Man, this March has been ridiculous. Just when all of us chillaxing in the AMG Consortium of the Infernal’s brimstone lounge1 were bitching and moaning about the unfair quantity of choice black metal—leaving in its wake a noticeable dearth of death metal goodness—out of nowhere came Equipoise, Venom Prison, Aephanemer, and now Vltimas. Like Equipoise, but also not at all like Equipoise, Vltimas is a supergroup. Based out of Portugal, the band is comprised of three legends of the metal scene: David Vincent of Morbid Angel on vocals; Rune “Blasphemer” Eriksen (ex-Mayhem, Aura Noir) on the guitars,2 and Flo Mounier of Cryptopsy fame manning the kit. Of all the supergroups that exist in 2019, this one generated within me the highest of expectations. Can debut record Something Wicked Marches In meet them?
From the onset, opening title track provides an accurate and compelling template for the riff-based destruction that is to come. You might hear influences from all of the bands from which this talented trio hail, but you probably won’t feel comfortable with a direct comparison to any of them, as Vltimas is its own beast. Fastidious trem-picked riffs backed by blistering double-bass and catchy vocal lines inundate the record, like many good death metal albums, but there’s a certain intangible quality in the songwriting that pushes this record beyond the “good” threshold.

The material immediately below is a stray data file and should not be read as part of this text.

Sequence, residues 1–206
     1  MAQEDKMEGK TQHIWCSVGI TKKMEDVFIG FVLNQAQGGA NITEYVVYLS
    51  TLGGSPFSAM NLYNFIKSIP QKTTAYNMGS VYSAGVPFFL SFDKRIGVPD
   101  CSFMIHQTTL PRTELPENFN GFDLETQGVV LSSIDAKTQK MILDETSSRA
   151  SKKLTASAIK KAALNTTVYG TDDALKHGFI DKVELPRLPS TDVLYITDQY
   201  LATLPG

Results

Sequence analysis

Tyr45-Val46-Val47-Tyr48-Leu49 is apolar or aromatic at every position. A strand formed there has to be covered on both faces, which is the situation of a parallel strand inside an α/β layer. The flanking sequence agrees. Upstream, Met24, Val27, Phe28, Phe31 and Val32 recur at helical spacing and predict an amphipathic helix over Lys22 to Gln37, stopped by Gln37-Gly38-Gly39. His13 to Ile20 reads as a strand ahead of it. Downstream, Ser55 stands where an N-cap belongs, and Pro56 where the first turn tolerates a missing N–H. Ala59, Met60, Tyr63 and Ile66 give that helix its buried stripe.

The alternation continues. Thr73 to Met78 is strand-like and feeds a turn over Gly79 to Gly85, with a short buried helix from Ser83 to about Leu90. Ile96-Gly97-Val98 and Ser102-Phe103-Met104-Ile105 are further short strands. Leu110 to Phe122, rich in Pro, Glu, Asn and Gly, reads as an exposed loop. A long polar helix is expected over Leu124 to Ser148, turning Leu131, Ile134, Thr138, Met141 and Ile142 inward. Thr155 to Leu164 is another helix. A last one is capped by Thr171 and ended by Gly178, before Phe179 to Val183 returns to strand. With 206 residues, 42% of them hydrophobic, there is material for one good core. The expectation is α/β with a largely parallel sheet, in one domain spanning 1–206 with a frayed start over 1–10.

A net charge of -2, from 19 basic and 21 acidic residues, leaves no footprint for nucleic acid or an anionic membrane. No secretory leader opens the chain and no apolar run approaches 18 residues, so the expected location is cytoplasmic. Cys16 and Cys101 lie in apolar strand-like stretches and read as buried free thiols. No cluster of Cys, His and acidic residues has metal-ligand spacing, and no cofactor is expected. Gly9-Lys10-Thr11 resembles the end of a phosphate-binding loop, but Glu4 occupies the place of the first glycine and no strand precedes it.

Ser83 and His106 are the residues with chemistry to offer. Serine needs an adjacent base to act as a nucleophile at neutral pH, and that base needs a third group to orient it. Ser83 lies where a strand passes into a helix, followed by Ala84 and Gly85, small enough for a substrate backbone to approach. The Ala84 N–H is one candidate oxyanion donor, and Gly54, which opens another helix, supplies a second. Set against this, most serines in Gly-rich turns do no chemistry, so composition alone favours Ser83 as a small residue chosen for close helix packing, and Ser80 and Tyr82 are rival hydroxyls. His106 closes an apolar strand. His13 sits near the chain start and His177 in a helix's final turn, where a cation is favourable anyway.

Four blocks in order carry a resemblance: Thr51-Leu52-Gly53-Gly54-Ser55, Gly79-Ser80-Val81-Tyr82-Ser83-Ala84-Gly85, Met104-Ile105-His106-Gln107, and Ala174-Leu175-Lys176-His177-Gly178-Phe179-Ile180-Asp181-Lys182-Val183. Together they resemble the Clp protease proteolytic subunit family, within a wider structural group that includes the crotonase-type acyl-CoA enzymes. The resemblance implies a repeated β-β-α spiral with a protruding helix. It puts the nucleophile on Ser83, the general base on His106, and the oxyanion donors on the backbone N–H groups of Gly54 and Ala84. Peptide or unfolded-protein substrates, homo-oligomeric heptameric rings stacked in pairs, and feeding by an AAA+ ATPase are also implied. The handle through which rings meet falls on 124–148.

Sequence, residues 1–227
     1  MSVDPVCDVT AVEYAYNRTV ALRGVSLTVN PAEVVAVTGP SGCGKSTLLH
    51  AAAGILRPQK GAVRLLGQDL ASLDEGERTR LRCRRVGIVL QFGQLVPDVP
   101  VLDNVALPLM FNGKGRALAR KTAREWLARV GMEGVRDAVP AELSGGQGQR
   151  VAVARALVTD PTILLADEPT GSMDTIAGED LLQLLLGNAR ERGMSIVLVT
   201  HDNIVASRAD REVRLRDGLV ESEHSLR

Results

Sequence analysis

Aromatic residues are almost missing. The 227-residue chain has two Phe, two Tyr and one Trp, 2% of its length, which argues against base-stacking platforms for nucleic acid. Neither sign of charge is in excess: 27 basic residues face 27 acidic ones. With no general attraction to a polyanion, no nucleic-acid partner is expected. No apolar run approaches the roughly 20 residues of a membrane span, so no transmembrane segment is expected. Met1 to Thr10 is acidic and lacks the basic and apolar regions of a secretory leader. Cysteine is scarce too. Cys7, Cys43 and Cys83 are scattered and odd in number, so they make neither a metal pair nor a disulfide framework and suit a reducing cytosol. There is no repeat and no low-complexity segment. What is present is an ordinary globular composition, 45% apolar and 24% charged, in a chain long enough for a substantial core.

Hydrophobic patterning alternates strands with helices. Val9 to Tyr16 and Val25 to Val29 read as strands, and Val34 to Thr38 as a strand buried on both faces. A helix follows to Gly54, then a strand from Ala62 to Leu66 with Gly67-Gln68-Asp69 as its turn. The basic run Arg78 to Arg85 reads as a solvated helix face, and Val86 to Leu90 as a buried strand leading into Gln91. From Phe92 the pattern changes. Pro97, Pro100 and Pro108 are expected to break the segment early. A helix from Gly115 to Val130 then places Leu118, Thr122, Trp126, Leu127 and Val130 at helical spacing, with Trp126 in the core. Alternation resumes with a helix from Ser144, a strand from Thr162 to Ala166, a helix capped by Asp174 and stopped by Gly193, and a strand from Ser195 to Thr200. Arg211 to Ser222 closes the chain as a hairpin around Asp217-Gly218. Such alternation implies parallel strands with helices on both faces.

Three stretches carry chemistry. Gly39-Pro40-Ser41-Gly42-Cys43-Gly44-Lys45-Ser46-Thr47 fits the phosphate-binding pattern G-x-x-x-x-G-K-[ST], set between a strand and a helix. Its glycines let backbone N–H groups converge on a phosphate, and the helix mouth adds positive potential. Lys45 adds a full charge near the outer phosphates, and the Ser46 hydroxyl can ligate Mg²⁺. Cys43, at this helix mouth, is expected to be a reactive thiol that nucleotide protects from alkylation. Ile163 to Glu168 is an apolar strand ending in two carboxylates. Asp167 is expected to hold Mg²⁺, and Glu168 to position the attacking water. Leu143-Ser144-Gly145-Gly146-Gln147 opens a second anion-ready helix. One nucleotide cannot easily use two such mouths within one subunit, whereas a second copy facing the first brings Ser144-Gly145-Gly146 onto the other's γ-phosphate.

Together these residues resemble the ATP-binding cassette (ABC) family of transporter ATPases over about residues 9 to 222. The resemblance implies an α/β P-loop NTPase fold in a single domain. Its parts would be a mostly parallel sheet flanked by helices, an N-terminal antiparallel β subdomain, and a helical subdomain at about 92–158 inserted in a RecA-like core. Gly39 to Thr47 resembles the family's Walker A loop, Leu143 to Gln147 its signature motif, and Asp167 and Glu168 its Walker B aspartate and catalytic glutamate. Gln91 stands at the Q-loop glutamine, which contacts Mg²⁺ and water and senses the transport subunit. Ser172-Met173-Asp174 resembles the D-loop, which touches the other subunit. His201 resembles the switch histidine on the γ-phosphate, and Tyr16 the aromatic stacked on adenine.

As is all too often the case, it’s the little details that separate good records from great records. Take “Praevalidus,” for example. You might listen to it and decide, “Hey, that’s a pretty neat death metal track!” But listen more closely, and you will hear Flo’s intricate cymbal work throughout the track, suddenly transforming the song into something more complex and interesting than before. Similarly, “Monolith” impresses mightily in its overall construction, but then David Vincent rolls every ‘R’ he can find and in doing so he injects a fun shot of regal flair to the affair. “Everlasting” further proves the effectiveness of a single detail, as it contains a refreshing application of chanting cleans which elevate what could have been just another death metal track, albeit a good one. One particularly interesting detail: any one of the performers on this album could be called the star of the show depending on your tastes and the number of times you’ve visited, which makes each spin more engaging and revealing than the last. Furthermore, the production on Something Wicked Marches In may be pretty standard for the genre, but again it allots enough room for all the little details—the satisfying snare tone, the exhalation of breath at the end of a particularly venomous bark, etc.—to shine through.
There is one nagging issue that I cannot shake whenever I spin this record: everything is so relentlessly consistent. It isn’t a question of quality, which meets or exceeds the standard set by the band’s pedigree. It’s a problem with the similarity between tracks, in that there is often too much of it. Take the opening trio, “Something Wicked Marches In,” “Praevalidus” and “Total Destroy.” They are by no means the same song, but the patterns in the riffs and the drums at times feel strangely familiar. On one hand, this kind of structuring secures the band’s identity. On the other, even the most attentive listeners risk losing track of their progress through the album’s runtime. Over time, I’ve found that I fall more and more often in the latter scenario.
As the first quarter of 2019 progressed I worried we wouldn’t have any good death metal at all (after this month I feel silly about that). Thankfully, Vltimas did not disappoint, as Something Wicked Marches In is a worthy addition to anyone’s death metal depository. Listeners should glean hours of entertainment from the massive talent on hand. Save for a few minor quibbles, there isn’t anything I can say that constitutes a reason to pass on this.